The problem with that in warm weather is that the surface normally dries out quickly. You need to use a few tips and tricks to ensure that adequate moisture is available to keep the germination process ticking along, then there is the need for water to sustain the small seedlings, once the seed germinates.
Warmer weather tends to promote faster germination, with 7-10 days often enough to see seedlings in warm conditions, but up to 21 days if cooler. Remember, a ground temperature of 18 - 20C is about the bottom of the range to even get reasonable germination. If below this........wait a little longer.
In the sub tropics and tropics, it is possible to sow year round but growth will be slow in cooler months and waiting until the cooler weather is past is often the best idea, as growth really picks up once the days are longer, soil is warmer and night temperatures rise to around 18 -20C.
But the water regime and surface management are very important.
Adding a very light [ I stress light cover] of thin mulch such as sugar cane bagasse or a thin even cover of compost to the soil surface will both help hold moisture close to the surface as well as preventing rapid loss of moisture and acting as a protection barrier if there is heavy rain. The latter is almost inevitable in the tropics........and you need to plan for it.
Generally it is necessary to also irrigate several times during daylight hours to keep the surface moist....not wringing wet, just moist. You can use pop up sprinklers -run for a few minutes only. Unfortunately the output from sprinklers covers quite a range so time cannot be given. Remember a moist surface, not wringing wet.
Some systems allow many starts each day, but many only allow two or three. Ideally you need a good irrigation early in the morning and 2 or 3 short bursts during the day, with a modest spray later in the early evening. Many areas have evaporation rates of 7- 10mm each day if the weather is hot. Most of that needs to be replaced each day while the area is in the early stages.
Better than using pop up sprinklers is to use small, low pressure, low volume sprinklers used in horticulture and landscape applications. These operate on 12mm or 19mm pvc lines and deliver 1-2mm per hour, depending on the pressure. You also need a pressure reduction valve and inline filter to be most effective. Several brands are available, with Challenger mk2 a recommended type supplied through Philmac resellers.. These sprinklers have the water distributed evenly across the wetted diameter of the sprinkler, and the droplet impact is low. They come in a range of diameters [ up to about 12m]. Also, droplets are larger and less prone to wind influence. Costs for each sprinkler is less than $5 approximately.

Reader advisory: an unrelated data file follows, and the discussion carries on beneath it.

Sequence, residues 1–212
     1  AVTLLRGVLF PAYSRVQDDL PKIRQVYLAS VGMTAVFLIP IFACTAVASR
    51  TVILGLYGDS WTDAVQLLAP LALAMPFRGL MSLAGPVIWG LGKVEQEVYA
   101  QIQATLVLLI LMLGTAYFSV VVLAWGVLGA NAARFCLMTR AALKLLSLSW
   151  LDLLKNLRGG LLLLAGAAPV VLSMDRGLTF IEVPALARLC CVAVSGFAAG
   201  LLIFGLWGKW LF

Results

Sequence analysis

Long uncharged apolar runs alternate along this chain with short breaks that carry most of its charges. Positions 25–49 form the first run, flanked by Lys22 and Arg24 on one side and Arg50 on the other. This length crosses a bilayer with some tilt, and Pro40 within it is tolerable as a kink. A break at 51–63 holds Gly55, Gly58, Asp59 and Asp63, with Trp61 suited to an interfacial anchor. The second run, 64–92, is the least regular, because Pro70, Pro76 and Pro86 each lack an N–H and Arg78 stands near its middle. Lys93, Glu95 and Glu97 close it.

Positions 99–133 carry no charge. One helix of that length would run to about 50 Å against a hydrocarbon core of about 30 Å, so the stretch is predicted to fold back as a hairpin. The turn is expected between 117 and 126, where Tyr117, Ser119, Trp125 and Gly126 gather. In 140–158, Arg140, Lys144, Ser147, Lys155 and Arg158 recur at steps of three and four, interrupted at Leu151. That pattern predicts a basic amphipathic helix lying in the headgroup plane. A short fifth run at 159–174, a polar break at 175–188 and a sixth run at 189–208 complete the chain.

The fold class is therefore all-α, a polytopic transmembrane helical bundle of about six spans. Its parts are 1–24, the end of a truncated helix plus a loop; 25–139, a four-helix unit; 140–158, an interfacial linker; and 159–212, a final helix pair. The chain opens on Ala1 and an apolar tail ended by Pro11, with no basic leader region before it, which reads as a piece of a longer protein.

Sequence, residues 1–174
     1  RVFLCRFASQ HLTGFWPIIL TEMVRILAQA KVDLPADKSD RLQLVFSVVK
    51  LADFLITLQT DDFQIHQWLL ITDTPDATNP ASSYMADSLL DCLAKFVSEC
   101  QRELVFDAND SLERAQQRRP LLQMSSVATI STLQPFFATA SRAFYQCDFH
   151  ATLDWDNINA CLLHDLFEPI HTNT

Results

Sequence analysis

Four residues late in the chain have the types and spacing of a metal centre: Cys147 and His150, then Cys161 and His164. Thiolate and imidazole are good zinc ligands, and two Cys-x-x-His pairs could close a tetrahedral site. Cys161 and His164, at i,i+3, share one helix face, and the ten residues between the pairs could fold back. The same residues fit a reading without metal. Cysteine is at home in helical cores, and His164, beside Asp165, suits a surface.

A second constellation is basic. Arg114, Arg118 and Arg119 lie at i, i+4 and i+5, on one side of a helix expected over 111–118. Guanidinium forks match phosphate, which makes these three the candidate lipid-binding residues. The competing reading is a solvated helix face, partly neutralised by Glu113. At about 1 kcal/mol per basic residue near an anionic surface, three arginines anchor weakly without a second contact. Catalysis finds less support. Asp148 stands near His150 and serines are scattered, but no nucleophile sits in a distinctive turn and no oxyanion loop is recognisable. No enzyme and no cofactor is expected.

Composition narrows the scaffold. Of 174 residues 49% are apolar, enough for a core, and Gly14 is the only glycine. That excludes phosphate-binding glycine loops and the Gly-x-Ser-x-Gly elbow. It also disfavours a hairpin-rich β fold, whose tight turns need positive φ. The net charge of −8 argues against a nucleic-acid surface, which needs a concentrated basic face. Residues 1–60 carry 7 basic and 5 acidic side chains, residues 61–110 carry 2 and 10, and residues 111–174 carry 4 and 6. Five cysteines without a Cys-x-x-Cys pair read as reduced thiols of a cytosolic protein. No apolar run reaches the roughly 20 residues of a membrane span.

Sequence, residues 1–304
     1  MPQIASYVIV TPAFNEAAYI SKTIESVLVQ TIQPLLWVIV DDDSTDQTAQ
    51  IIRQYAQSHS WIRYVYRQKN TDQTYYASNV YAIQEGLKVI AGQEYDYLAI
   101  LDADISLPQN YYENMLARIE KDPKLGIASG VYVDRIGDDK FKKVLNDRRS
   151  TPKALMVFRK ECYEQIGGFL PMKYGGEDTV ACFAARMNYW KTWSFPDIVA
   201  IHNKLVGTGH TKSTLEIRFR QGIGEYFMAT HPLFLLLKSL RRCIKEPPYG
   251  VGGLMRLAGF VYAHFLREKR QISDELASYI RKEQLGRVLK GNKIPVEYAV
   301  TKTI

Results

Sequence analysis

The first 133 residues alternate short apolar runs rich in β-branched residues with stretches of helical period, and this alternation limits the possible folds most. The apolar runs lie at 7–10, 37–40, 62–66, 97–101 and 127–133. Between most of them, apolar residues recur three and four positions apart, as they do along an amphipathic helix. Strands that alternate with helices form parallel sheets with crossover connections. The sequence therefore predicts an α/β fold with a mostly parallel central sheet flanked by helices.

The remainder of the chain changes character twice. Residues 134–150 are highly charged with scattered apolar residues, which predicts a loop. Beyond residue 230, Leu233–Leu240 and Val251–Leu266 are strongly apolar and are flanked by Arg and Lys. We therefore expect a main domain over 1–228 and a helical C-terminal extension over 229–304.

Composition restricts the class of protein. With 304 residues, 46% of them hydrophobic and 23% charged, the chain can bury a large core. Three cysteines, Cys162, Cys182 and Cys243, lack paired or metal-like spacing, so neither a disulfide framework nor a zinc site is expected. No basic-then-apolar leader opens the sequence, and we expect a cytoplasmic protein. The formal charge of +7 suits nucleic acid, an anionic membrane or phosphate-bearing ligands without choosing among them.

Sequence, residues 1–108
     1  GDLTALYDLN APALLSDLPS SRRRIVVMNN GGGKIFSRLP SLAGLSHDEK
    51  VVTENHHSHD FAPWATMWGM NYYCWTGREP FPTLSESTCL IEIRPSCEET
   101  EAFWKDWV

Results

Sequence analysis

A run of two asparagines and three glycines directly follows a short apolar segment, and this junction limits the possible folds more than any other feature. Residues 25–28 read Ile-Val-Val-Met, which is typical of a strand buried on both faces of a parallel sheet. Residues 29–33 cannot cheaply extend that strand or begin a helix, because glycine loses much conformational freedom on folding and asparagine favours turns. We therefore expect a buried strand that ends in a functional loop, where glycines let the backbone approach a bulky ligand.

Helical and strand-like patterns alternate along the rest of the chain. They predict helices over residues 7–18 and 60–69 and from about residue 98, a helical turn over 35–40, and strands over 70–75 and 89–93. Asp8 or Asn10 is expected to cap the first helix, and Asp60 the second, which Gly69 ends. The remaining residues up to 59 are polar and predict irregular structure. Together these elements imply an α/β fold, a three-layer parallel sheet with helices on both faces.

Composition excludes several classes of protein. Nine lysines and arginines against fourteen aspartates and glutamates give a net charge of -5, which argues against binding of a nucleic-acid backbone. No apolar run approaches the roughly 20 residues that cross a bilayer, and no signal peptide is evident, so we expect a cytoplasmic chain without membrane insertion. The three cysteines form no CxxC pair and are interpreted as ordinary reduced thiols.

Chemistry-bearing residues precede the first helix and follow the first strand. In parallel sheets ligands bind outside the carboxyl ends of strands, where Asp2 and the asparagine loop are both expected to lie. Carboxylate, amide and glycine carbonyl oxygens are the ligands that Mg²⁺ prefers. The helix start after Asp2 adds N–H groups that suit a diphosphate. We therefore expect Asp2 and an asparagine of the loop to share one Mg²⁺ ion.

These can be operated for an hour or so several times during the day [ through a normal irrigation controller and solenoid valve] to add a modest amount to the surface, refreshing the dampness on the surface. If operated for longer periods, they are suitable to fully irrigate the area, as they tend to be very efficient sprinklers as well.
Once the area is about 3-4 weeks old, irrigation can be reduced and adjusted to using several days per week [ rather than every day] and also altering the duration of each irrigation to adequately wet the area, to help create a deep root system. That bit of drying out between waterings helps promote roots searching for water deeper in the profile to develop a resilient turf area.
Once established, zoysia turf is quite water efficient and tends to be drought tolerant, requiring less water than many other turf grasses of high quality.
Overwatering promotes weeds, especially sedges eg nutgrass and Mullumbimby couch. Best to be a bit light on with the water on established areas of zoysia!
|From the left - dripline, pressure reduction valve, filter , connection to water supply|